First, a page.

When Prince Yengbe came to Wichita State University from his home country of Ghana in 2007, he wasn’t entirely sure what aerospace engineering was, but he knew he wanted to be part of it.
Now, after earning a bachelor’s (2012) and a master’s degree (2015) in the subject, Yengbe is being honored with the Modern-Day Technology Leader Award by the 2021 Black Engineer of the Year Award (BEYA) STEM Conference.
“When I started at Wichita State in 2007, I knew nothing about aircraft other than you sit in them,” said Yengbe, who works as a fatigue and damage engineer for Textron Aviation. “I didn’t know what aerospace engineering was, but I wanted to get involved to understand it. I sent a bunch of emails to some professors.”
One of those professors, Dr. Kamran Rokhsaz, reached out to Yengbe and eventually offered him an undergraduate research assistantship.
“That was the pivotal point in my journey,” Yengbe said. “It gave me the exposure to real aerospace engineering work while I was going to school. I cannot express how much that has had an impact on my career.”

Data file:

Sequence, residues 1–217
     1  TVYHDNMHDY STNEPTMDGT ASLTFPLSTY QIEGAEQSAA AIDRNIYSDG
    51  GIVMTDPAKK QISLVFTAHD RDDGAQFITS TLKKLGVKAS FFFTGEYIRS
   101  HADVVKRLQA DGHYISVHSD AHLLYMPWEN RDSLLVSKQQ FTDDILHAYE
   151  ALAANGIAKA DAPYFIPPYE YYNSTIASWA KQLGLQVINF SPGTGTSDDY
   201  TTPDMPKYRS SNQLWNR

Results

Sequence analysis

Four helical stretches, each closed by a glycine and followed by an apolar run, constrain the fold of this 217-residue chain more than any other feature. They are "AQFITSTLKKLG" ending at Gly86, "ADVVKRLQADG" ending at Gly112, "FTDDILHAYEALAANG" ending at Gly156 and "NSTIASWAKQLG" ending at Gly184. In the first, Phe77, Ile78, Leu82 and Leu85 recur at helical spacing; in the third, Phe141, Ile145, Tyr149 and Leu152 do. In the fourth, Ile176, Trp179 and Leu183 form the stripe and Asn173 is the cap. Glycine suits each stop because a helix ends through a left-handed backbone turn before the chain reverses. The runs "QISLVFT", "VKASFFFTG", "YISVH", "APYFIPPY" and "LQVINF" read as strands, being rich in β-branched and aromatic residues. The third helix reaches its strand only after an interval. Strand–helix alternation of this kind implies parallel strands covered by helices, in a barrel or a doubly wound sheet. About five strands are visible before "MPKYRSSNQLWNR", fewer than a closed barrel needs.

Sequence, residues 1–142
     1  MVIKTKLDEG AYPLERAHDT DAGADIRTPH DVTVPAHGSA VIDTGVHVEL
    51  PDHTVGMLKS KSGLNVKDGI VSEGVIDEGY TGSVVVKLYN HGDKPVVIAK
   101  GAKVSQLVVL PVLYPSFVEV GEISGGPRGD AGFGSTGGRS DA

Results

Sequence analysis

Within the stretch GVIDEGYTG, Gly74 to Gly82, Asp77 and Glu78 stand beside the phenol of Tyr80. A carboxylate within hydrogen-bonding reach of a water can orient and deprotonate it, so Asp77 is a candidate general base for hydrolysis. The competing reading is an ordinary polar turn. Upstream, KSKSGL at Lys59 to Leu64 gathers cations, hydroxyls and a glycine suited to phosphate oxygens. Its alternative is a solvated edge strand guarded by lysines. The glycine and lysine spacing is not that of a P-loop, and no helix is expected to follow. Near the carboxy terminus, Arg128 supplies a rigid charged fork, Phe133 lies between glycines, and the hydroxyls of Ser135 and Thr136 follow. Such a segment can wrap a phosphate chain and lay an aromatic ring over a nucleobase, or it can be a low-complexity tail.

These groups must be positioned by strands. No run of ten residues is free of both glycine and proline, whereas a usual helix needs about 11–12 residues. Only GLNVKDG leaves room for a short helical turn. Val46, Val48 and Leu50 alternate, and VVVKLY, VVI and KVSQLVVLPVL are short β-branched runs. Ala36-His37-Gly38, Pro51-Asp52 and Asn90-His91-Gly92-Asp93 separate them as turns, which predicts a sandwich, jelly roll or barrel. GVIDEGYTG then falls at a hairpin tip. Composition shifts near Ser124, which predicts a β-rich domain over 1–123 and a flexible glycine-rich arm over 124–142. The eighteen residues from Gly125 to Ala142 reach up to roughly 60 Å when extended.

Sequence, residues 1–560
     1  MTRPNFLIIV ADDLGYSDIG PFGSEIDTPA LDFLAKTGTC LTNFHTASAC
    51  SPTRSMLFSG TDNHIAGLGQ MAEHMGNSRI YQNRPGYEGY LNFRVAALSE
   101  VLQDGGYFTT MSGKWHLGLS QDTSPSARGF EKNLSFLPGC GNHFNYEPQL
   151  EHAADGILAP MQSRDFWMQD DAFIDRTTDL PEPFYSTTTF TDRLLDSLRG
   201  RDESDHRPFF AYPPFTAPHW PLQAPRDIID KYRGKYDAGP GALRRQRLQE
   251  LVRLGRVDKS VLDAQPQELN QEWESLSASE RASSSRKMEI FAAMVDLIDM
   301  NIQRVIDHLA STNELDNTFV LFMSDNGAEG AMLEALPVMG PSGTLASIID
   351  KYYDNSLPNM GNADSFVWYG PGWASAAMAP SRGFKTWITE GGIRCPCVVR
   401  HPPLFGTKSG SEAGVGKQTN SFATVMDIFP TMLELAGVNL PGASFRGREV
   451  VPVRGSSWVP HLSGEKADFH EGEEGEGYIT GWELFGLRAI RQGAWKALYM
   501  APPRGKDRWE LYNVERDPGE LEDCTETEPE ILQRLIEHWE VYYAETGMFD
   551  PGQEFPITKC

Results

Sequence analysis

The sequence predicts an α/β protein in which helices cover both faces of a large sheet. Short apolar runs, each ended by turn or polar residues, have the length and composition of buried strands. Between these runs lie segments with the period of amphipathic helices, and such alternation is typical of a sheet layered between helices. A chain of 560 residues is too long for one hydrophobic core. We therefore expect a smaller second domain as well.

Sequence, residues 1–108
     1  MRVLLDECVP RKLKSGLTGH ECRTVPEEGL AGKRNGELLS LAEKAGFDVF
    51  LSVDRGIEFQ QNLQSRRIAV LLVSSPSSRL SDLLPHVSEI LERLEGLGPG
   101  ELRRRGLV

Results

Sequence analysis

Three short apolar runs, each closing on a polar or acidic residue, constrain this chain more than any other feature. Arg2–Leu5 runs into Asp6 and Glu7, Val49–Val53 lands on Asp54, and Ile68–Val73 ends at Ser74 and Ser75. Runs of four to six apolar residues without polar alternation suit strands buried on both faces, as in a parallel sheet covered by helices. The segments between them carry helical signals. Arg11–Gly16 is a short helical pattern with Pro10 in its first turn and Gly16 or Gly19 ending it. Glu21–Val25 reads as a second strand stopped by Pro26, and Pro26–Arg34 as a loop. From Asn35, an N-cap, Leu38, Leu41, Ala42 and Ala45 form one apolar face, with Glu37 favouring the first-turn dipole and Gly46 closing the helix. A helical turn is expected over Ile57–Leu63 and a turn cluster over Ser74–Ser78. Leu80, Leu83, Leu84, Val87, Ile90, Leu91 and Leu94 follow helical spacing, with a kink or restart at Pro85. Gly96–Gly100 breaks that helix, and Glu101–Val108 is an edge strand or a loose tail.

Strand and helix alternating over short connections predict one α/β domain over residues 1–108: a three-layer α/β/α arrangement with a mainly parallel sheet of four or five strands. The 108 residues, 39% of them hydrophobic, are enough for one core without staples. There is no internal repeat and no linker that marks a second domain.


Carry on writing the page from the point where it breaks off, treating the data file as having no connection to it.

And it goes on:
Applied learning and strong mentors have been crucial in Yengbe’s career.
“I've been lucky that people have helped me in my whole career. It’s been nice to have people teach me the ropes,” he said. “I think the biggest thing for me was the exposure to real work. You go to class, sit down, you learn. But until you do the actual work, you don't really get the full understanding of what you learn.”
Dr. Scott Miller, professor and the chair of the department of aerospace engineering, said during Yengbe’s time at Wichita State, he was part of a team that designed, built, and flew a plane called the Atomic Shocker — “a beautiful and fantastic flying aircraft,” Miller said.
“He was a fantastic student. He was hard working, high performing, and very personable,” Miller said. “I’m not surprised to hear Prince is the Engineer of the Year.”
The BEYA STEM Conference brings professionals and students together annually for three days to share their experiences and career information. The conference is an opportunity to recognize leaders in STEM for their accomplishments and for attendees from around the country to network and learn.
Yengbe was nominated by his manager at Textron for the Modern-Day Technology Leader Award he received from BEYA STEM.
“It means a lot. I take pride in what I do, and I try to ensure that everything I touch is given my best effort, so to have this award is a bonus,” Yengbe said. “Even though this was not expected, it means a lot to me. It tells me that what I'm doing is not in vain, and people recognize the good work that I do so.”